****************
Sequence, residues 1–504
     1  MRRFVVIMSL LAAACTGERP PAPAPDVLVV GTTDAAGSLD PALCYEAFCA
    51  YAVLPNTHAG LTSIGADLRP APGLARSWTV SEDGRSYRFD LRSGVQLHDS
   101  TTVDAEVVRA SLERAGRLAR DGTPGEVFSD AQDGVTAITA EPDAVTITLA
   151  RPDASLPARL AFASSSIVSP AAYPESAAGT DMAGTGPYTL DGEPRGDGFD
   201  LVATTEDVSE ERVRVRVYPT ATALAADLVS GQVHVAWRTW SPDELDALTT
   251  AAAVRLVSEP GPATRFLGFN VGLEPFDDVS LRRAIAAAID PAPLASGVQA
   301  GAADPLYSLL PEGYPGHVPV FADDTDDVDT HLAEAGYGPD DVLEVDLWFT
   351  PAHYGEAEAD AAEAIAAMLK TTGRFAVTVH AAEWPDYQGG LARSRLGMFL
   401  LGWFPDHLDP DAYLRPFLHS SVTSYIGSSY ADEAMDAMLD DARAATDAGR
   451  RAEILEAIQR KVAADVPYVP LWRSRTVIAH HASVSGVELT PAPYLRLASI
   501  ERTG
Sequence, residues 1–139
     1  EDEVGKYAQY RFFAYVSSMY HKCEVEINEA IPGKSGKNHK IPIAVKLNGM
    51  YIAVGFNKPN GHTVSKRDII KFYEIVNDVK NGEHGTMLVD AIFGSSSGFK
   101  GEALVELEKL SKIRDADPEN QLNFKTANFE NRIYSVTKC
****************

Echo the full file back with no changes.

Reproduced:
Sequence, residues 1–504
     1  MRRFVVIMSL LAAACTGERP PAPAPDVLVV GTTDAAGSLD PALCYEAFCA
    51  YAVLPNTHAG LTSIGADLRP APGLARSWTV SEDGRSYRFD LRSGVQLHDS
   101  TTVDAEVVRA SLERAGRLAR DGTPGEVFSD AQDGVTAITA EPDAVTITLA
   151  RPDASLPARL AFASSSIVSP AAYPESAAGT DMAGTGPYTL DGEPRGDGFD
   201  LVATTEDVSE ERVRVRVYPT ATALAADLVS GQVHVAWRTW SPDELDALTT
   251  AAAVRLVSEP GPATRFLGFN VGLEPFDDVS LRRAIAAAID PAPLASGVQA
   301  GAADPLYSLL PEGYPGHVPV FADDTDDVDT HLAEAGYGPD DVLEVDLWFT
   351  PAHYGEAEAD AAEAIAAMLK TTGRFAVTVH AAEWPDYQGG LARSRLGMFL
   401  LGWFPDHLDP DAYLRPFLHS SVTSYIGSSY ADEAMDAMLD DARAATDAGR
   451  RAEILEAIQR KVAADVPYVP LWRSRTVIAH HASVSGVELT PAPYLRLASI
   501  ERTG
Sequence, residues 1–139
     1  EDEVGKYAQY RFFAYVSSMY HKCEVEINEA IPGKSGKNHK IPIAVKLNGM
    51  YIAVGFNKPN GHTVSKRDII KFYEIVNDVK NGEHGTMLVD AIFGSSSGFK
   101  GEALVELEKL SKIRDADPEN QLNFKTANFE NRIYSVTKC